I began this endeavor with a certain amount of curiosity about how well the poems would work together in a manuscript. Knowing that this chapbook would be a collaborative effort with Nic Sebastian, as editor and reader of the poetry, I was also interested in seeing how our perceptions of the works would mesh. However, during our e-mail discussions—as Nic acutely suggested a couple of minor revisions to one of the poems, recommended some of the pieces that might work best in the chapbook, and commented upon a possible order of presentation—I was thrilled to discover she is a careful and penetrating editor, whose views of the poems and thoughtfulness about the significance of the subject matter paralleled mine in so many ways.
We even immediately agreed, after deciding separately, upon the title for the chapbook. Additionally, we both believed the cover artwork I had recommended conveyed a sense of the poems’ content without being too obvious. Nic’s keen assistance as an editor proved very helpful, and her desire to highlight certain components, especially the lyricism and implied narrative movement of the poetic sequence, seemed right in line with my own thinking.
Since the poems would be offered in an audio format, I was particularly intrigued by the sound my poetry would have when read in a woman’s voice with an accent distinctly different from my own. Frequently, when working with students in my poetry-writing classes, we engage in conversations about the separate nature of the written word in a text and the spoken voice heard aloud.
My students are often asked to consider how the substance and style of their compositions are reflected when they read them to their classmates. Indeed, a primary requirement in my poetry-writing course involves a formal public reading open to the university community at the end of the semester, an activity serving as a capstone event that confirms a connection between written and spoken word at the conclusion of the course.
However, in class we further take into account the ways others might read our poems. When I give public readings of my poetry, I know the places I want to pause and the syllables I need to stress, as well as the lines I try to emphasize. But such opportunities are rare. After all, most encounters with poetry occur individually as each reader provides his or her voice for the words witnessed on the page.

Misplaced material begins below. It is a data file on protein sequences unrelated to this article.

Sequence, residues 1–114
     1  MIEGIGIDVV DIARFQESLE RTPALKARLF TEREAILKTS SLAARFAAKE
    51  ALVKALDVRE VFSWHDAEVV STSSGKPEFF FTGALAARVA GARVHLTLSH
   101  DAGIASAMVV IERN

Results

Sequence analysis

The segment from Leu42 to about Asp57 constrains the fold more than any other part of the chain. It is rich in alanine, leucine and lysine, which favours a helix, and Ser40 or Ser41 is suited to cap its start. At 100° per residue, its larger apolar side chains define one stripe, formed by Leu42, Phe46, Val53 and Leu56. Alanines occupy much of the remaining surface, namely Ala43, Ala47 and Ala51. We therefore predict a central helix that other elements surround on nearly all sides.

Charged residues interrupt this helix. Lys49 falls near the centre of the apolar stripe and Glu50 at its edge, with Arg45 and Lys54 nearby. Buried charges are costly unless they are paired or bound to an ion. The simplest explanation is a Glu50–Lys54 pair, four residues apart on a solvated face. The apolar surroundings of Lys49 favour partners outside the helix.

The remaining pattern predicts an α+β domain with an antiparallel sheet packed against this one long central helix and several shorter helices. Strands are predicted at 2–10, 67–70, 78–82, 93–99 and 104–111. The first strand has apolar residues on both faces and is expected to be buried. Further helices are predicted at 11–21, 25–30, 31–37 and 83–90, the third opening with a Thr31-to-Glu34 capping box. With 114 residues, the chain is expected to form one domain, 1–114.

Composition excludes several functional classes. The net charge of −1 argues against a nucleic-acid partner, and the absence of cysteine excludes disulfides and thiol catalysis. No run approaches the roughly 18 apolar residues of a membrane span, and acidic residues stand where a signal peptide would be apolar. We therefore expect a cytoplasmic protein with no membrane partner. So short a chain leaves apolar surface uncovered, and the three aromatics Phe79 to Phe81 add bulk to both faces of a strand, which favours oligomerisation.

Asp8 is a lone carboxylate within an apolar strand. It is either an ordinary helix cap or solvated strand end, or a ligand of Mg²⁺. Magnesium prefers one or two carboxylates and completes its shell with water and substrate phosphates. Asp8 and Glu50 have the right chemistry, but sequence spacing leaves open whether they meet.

Therefore, my students are urged to fashion lines of poetry that invite the kind of cadence and tone they expect everyone to gather from the language. If a work is successful, the word choice, sentence structure, and lyricism—through rhyme, assonance, consonance, alliteration, etc.—will compel a reading fairly consistent with that intended by the poet.
When I received the first drafts of the audio for Dark Refuge from Nic, I must confess that I was amazed by the results. I had heard her read others’ poems in the past, and I knew she would do a fine job; yet, I felt her presentations of my poems were even more magnificent than I had anticipated. As I had hoped might occur, her voice perfectly complemented the tone and atmosphere I desired to be created by the sequence.
Indeed, I usually think of the lyricism in my poetry as one of my strengths; however, Nic’s exquisite sense of rhythm, exact enunciation, and emphasis of syllables bring out even more the numerous examples of alliteration, assonance, consonance, and internal rhyme I wish readers to hear. It has been exciting and rewarding for me as I listen to my work rendered so elegantly by someone who obviously cares about the content and the context of the material, as well as its musicality.
An additional aspect of the publication at Whale Sound that I greatly appreciate involves the variety of platforms available for readers to enjoy Dark Refuge. Occasionally, I have shared opinions in the pages of One Poet’s Notes about the advantages of technical advancements for publication and distribution of poetry in electronic formats to widespread audiences. I have also considered the blending of media in online publications—text, graphics, audio, video, etc.—as something yet to be fully explored and exploited.
On the other hand, I have a fondness for the tradition and tactile contact of paper associated with a conventional print chapbook. Consequently, I am thankful to Nic Sebastian for her good work as an editor promoting poetry and allowing Dark Refuge to be available for readers to experience in differing manners: as online audio, online text, downloadable mp3, pdf manuscript, e-book, cd, and in a print edition.
Most importantly, as I write in the acknowledgments for Dark Refuge, I am also grateful to Alex, whose inspiration leads the way for me in daily living and in these poems. My poetry in this chapbook is meant as a testament to how much he has enriched my life as well as an expression of admiration for the enduring spirit he displays every day, even when confronted by obstacles that could be so discouraging and when challenged by frustrations that ought to be disheartening.
I commend Alex for his courage as he repeatedly faces unfamiliar or overwhelming situations fraught with anxiety or frightening to him. I know the level of his emotional agitation and the degree of his physical apprehension about the sometimes disconcerting elements in the world around him are frequently difficult for me to imagine, but the poems in Dark Refuge represent an attempt at understanding.
I invite readers to visit the main page for the poetry in Dark Refuge, and I encourage all to browse through the many wonderful works by other poets at Whale Sound.